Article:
I see the streets filled with people, all kinds of them. I watch them, each one of those dull and typical entities, as far as my vision permits me to. The tranquility of the scene portrays both it’s beauty and the ugly truth behind it.
In a well populated town as this where I live, I see people filling gaps everywhere. I see each one trying to replace the empty space the other leaves. I find it ordinary and yet somehow disturbing. On the worst of my moods, I see them as clueless, faceless, figures of crafted flesh and bones hurrying towards that place called ‘somewhere’. I see them, carrying heavier burdens than they can carry themselves, dragging it ruthlessly through the road just in search of one hand that is kind enough to help. But who would after all? Aren’t we all busy? Aren’t we all hurrying ourselves to get to that place called ‘nowhere’?
Sometimes I wish I could forbid myself from being too observant. For I am aware of the fact that though the eyes that let me see are mine, the vision laid upon by them has already been directed. On those kind of low mood days, I see faces everywhere. From the fairest to the darkest, from the thinnest to the fattest, from the tallest to the shortest, from little scars to those that are hard to cover. I see and then I subconsciously, choose what I see. I direct myself to be observant towards what my mind believes to be interesting. The ones who appear glamorous, the one I baselessly define as beautiful, the one that seems out of the crowd. And I boldly reject all the rest, dissolving them into one single white background. And that’s all I see. That’s all one sees, isn’t it? The superficiality of these humanoid objects sitting, walking, running or limping interestingly enough.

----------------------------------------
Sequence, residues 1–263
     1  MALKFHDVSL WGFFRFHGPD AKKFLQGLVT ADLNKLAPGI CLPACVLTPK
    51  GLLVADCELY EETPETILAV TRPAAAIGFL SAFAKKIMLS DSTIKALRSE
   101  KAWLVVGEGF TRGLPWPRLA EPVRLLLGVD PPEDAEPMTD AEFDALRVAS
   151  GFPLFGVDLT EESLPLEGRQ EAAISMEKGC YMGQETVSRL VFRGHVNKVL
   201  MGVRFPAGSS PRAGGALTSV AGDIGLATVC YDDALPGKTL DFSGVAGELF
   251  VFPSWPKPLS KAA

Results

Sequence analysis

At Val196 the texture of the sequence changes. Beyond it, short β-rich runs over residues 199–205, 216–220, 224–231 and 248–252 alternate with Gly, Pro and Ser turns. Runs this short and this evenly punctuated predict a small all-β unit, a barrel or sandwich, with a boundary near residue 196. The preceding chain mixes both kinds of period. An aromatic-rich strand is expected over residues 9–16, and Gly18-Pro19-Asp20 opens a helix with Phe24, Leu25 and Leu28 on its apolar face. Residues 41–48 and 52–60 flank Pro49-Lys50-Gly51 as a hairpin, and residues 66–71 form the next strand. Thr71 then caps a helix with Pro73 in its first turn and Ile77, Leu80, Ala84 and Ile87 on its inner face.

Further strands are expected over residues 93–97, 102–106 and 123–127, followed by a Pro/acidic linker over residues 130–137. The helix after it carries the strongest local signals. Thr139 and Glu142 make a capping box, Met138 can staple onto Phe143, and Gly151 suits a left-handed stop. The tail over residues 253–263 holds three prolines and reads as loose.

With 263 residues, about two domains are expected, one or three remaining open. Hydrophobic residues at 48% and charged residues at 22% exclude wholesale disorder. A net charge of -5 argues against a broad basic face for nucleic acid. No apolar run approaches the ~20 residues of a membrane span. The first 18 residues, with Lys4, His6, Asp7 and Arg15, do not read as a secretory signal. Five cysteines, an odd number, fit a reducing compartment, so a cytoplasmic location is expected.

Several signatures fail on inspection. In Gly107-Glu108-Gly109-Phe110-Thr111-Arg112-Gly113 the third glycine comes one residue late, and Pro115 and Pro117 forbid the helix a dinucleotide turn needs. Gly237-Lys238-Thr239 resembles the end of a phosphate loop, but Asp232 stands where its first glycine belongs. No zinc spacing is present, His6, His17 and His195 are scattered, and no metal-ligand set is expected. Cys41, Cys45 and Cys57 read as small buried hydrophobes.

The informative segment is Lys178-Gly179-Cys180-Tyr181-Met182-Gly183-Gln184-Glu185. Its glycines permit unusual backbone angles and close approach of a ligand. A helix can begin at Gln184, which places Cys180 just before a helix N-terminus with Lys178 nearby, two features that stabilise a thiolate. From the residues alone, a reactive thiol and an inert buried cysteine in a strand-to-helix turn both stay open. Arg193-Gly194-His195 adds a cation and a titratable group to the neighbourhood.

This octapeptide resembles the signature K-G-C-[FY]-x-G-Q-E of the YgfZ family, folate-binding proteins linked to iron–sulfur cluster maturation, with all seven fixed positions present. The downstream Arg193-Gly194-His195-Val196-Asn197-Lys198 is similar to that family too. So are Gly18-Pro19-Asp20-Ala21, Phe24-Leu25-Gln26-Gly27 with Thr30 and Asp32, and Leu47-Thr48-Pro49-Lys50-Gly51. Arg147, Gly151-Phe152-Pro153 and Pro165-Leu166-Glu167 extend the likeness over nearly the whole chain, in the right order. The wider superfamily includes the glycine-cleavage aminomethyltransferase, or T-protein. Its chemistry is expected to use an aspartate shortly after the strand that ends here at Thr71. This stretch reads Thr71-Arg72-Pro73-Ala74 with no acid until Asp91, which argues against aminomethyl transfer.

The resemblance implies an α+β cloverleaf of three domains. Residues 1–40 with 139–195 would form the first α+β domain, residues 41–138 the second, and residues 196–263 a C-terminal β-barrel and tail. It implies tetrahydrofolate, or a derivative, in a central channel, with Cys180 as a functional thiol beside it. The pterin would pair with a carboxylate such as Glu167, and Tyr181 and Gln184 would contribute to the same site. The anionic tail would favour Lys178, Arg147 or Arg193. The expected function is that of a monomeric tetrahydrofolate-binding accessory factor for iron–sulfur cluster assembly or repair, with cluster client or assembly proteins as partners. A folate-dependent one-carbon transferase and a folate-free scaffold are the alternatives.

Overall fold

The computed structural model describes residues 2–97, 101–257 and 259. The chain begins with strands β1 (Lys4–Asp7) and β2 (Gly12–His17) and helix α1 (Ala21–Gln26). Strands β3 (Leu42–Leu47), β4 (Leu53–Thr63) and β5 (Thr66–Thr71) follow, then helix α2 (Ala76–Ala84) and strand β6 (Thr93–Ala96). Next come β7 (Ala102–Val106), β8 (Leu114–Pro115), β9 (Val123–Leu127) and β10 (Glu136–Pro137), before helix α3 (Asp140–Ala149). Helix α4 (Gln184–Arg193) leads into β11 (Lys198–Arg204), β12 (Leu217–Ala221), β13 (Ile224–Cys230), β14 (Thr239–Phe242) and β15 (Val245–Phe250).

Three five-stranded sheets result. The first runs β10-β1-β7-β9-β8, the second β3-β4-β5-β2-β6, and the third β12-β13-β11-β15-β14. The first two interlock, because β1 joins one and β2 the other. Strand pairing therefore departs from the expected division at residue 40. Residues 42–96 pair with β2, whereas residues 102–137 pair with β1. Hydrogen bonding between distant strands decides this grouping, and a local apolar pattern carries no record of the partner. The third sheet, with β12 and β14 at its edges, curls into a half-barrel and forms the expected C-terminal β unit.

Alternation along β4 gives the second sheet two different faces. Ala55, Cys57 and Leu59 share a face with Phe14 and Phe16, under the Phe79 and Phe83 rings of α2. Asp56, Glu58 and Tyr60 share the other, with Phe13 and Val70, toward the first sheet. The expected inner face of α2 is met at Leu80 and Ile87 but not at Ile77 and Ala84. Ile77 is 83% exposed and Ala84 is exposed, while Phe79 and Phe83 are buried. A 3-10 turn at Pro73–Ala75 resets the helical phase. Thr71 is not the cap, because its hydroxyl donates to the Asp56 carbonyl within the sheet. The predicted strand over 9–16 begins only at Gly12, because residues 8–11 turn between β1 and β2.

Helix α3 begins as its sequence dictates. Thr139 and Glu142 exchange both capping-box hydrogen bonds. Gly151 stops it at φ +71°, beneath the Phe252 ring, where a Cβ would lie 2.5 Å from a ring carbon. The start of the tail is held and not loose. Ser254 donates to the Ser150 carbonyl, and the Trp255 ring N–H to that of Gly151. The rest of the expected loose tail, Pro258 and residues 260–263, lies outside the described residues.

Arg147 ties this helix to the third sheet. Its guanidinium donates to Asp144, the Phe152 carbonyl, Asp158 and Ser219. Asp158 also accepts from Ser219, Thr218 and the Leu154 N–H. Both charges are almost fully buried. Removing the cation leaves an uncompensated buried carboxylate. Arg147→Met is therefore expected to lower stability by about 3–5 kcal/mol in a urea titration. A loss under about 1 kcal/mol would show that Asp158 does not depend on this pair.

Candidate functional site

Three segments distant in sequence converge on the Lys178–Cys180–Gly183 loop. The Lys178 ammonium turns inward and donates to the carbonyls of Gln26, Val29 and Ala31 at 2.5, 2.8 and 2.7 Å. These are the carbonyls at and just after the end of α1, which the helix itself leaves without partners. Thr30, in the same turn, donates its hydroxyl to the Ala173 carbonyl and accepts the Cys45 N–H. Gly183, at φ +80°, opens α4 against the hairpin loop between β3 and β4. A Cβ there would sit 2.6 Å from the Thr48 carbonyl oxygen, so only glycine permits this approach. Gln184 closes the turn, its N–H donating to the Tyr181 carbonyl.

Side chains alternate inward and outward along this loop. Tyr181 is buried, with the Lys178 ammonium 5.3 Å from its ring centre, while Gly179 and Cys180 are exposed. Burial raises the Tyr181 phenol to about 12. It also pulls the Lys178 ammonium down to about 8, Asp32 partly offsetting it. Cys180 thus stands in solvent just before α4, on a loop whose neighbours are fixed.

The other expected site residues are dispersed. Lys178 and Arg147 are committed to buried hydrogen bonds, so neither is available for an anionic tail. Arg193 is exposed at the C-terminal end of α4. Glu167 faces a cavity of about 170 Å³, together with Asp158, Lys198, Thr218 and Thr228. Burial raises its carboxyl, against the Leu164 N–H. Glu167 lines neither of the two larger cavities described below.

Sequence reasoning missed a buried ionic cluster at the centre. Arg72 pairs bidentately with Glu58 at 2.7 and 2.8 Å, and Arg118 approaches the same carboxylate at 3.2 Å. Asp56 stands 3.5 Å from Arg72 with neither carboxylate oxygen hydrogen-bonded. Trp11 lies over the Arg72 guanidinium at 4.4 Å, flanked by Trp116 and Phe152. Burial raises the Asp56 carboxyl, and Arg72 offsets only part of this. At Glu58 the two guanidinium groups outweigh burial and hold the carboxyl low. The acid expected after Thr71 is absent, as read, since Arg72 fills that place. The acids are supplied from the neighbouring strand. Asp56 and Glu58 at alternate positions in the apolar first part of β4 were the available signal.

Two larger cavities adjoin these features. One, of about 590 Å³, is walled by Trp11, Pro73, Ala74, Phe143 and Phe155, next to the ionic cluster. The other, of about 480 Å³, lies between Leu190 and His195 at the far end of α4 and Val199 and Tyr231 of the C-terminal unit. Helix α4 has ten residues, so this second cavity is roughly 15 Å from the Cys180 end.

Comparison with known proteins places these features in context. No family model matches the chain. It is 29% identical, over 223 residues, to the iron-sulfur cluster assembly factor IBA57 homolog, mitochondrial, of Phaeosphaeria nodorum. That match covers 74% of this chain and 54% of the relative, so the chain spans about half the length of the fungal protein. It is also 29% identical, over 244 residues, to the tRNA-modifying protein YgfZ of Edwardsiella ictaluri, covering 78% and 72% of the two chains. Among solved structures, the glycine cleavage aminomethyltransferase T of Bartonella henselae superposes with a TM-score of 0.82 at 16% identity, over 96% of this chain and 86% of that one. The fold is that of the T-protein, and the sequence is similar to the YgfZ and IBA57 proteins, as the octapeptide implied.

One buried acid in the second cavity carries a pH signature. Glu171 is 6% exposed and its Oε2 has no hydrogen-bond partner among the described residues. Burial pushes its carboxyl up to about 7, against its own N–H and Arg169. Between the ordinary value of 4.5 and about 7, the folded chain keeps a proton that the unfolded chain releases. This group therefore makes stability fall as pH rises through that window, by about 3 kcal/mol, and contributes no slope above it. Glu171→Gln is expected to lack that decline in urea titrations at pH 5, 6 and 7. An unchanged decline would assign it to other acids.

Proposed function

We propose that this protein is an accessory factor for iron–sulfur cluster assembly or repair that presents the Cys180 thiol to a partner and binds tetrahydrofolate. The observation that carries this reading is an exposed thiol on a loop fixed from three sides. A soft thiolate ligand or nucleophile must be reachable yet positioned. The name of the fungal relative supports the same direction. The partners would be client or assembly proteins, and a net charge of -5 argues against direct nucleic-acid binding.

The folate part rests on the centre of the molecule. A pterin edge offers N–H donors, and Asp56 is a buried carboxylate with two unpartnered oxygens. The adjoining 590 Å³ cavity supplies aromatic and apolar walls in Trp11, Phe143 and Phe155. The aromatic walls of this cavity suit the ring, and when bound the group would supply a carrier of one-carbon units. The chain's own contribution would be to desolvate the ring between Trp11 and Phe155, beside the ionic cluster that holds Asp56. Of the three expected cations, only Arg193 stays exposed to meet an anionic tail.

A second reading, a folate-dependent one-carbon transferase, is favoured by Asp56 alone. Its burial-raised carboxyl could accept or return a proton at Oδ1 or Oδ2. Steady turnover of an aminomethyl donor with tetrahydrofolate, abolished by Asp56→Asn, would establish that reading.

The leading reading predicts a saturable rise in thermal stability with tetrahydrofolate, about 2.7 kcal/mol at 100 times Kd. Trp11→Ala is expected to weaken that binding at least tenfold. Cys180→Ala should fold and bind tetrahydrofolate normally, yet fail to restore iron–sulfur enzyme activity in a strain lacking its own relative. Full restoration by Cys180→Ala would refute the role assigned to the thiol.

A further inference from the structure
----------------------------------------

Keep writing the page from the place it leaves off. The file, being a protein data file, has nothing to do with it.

And finally on some delusional days, I see a clear day. I walk through the streets and I see familiar people. Not faceless or variously faced structures. Just humans who look just as me. I look at them into their eyes and they look at me. Into my eyes. They smile and I smile back with the same curiosity they share. They know me just as how I know them. Not as a flock of clueless entities or just mere flesh and bones covered with difference of fat and skin and designs of scars, not even as dwellers or walkers or runners or limpers. But as another human. Another observant soul. Another consciousness. As another completely unique world.